there's a serious investigation into whether superclubs are on their way out - yes they are, but new ones will take their place is Simone Baird's conclusion in an article that compares the elephantine likes of Cream and Gatecrasher with the more human likes of Chibuku and Trash...

on bands: bowling for soup - put your shirts on, men, for god's sake and stone sour, which is corey slipknot's equally shit side project - put your mask back on, for god's sake...

bright eyes and desaparecidos are forced to share a page, which hardly seems fair. Conor is given space to vaguelize on a "any bad times are bearable if you can play music" (he should try working in my office - as I write, NERD are being drowned out by 'amusing' renditions of Achy Breaky Heart in a pub singer style), but the lions share is taken for stuff like this: "The rise of emo coincided with the fall of Enron, while corporate rock rings more hollow than ever after 9/11" - didn't the rise of emo happen before Enron actually appointed Arthur Andersen's lying accountants? and how exactly did 9/11 make Fred Durst anything, apart from even more loudly bellicose?...

but let's not be too churlish - at least the nme is talking to Conor. And then to Miss Kittin. Hurrah! NME gets with the program shock. And it turns out Kim Wilde has approached her offering a collaboration - which she's turned down, sadly, because we'd like to see that. "I make no compromises" she insists, but adds "but I would not refuse a private jet"...

the sugababes select the tracks for the pretend cd, then the producers come in and the resulting remix includes alicia keys, michael jackson (but Liberian girl, for crying out loud) and jodeci...

and here's the Pattern now saying "being in a rock and roll band is all about having a lot of fun - it isn't difficult" - hear that, Nicky? Listening, Thom?...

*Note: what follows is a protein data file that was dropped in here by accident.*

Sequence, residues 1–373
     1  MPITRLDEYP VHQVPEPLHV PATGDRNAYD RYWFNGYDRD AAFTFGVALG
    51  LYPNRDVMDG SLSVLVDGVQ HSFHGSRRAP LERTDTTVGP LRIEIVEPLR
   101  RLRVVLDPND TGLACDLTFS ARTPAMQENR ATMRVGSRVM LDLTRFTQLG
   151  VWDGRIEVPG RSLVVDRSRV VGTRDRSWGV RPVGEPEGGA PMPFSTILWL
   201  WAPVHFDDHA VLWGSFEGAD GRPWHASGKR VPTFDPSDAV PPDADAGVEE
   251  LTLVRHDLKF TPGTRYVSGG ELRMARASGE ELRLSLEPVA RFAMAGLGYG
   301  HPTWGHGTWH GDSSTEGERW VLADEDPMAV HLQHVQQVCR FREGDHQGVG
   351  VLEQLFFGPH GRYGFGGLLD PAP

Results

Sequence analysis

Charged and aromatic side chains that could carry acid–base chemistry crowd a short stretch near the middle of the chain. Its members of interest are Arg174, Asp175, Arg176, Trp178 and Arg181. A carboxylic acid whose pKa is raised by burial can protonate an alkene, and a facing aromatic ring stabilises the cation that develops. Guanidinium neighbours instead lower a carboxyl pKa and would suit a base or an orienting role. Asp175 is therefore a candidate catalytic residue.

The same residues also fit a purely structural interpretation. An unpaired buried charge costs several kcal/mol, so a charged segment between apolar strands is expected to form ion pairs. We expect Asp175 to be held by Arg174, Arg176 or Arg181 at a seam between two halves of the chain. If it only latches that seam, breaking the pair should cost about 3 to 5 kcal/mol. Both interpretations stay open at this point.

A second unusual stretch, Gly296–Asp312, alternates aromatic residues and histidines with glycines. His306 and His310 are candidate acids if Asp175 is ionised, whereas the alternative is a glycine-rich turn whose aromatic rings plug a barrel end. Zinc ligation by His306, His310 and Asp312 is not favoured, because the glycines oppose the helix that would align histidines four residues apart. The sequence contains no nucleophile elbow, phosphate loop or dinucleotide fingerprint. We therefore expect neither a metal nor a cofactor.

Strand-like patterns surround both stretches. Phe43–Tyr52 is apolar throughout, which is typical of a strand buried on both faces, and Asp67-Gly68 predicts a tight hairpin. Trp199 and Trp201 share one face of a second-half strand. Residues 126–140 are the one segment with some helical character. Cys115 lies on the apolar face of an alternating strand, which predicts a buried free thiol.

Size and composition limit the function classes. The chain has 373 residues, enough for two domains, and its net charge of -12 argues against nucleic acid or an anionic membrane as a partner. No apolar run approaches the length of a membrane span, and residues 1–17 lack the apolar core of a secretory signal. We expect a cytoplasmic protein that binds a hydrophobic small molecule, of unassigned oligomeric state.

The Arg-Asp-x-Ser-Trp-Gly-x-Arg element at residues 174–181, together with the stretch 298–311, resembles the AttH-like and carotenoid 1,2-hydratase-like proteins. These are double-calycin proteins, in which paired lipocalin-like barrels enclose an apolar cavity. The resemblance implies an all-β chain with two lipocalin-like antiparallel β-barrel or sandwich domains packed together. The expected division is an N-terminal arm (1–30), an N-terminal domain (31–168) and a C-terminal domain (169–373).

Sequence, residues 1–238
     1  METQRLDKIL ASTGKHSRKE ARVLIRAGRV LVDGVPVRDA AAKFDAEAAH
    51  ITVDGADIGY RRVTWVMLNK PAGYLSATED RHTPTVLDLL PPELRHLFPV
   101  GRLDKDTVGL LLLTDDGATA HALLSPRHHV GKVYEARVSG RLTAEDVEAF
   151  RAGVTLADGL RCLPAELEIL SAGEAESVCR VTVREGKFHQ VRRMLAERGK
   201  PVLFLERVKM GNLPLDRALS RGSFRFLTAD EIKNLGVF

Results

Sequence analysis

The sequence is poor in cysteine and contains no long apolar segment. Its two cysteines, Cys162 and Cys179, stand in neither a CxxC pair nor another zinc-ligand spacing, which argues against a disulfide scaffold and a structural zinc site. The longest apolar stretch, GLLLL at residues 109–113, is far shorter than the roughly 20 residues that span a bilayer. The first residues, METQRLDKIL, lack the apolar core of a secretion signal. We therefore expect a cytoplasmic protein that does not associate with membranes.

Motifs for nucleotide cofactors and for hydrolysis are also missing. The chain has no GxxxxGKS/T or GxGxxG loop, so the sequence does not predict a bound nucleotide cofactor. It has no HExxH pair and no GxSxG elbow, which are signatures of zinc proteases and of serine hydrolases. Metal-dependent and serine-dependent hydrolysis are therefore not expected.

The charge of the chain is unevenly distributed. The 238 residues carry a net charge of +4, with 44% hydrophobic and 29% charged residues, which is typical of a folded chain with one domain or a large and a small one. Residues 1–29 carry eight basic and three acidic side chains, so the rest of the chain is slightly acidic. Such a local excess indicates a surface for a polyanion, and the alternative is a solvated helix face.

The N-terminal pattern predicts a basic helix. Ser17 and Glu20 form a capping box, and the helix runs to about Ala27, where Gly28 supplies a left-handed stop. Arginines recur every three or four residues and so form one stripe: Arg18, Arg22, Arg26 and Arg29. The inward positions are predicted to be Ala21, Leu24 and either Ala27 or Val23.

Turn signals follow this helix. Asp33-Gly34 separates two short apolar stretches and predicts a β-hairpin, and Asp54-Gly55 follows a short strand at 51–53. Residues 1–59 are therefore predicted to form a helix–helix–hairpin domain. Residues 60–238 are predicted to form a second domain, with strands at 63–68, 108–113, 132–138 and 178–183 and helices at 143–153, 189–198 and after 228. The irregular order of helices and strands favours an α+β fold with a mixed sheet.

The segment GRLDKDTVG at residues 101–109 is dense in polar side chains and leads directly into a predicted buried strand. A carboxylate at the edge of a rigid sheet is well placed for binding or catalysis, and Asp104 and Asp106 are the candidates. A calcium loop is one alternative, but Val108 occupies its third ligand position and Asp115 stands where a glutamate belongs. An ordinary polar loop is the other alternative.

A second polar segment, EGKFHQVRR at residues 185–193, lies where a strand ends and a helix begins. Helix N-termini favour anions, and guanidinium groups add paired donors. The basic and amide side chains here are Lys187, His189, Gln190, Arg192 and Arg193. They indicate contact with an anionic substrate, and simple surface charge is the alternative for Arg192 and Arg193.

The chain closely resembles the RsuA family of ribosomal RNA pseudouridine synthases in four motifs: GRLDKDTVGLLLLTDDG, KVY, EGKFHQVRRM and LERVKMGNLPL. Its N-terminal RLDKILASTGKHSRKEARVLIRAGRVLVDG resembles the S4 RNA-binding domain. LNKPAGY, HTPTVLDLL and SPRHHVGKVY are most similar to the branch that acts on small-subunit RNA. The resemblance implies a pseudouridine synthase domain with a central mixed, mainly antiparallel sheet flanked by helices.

the queens of the stone age come along and spoil the party, of course. But even they seem pretty happy with their lot - "we can't wait to get on the road and play these songs." Hurrah for bands who enjoy it...

so, onto the album reviews: bright eyes - lifted, or the story is in the soil ("he can spin a terrific yarn", 8); queen adreena - drink me ("occasionaly grates; never less than inspired", 7); toploader - magic hotel ("would have Rod Stewart guffawing like a sexist drain", 1); bruce spingsteen - the rising ("his best for some time, but not his best ever", 6)...

sotw: the music - take the long road and walk it ("love them... gloriously out of step") rather than george michael's shoot the dog ("oddly compelling") and... The Darkness - I believe in a thing called love ("so perfect, you may as well give in to the 80s poodle metal revival now"...

live - sex pistols at crystal palace ("the living heart and soul of a nation of drunken barbarian scum"); weller in hyde park ("new songs treated with gritted teeth tolerance") and magic alex in manchester ("better than K or dogstar - just not good company to be keeping")

finally, in angst... (sorry, nmemail - but doesn't the way the nme readers survey calls it "nmemail - formerly angst" demonstrate it needs its proper name back?) someone suggests most bands in the nme would kill their grandmother for a George Michael sized flop - which we'll leave, over here, with a hanging punchline, shall we?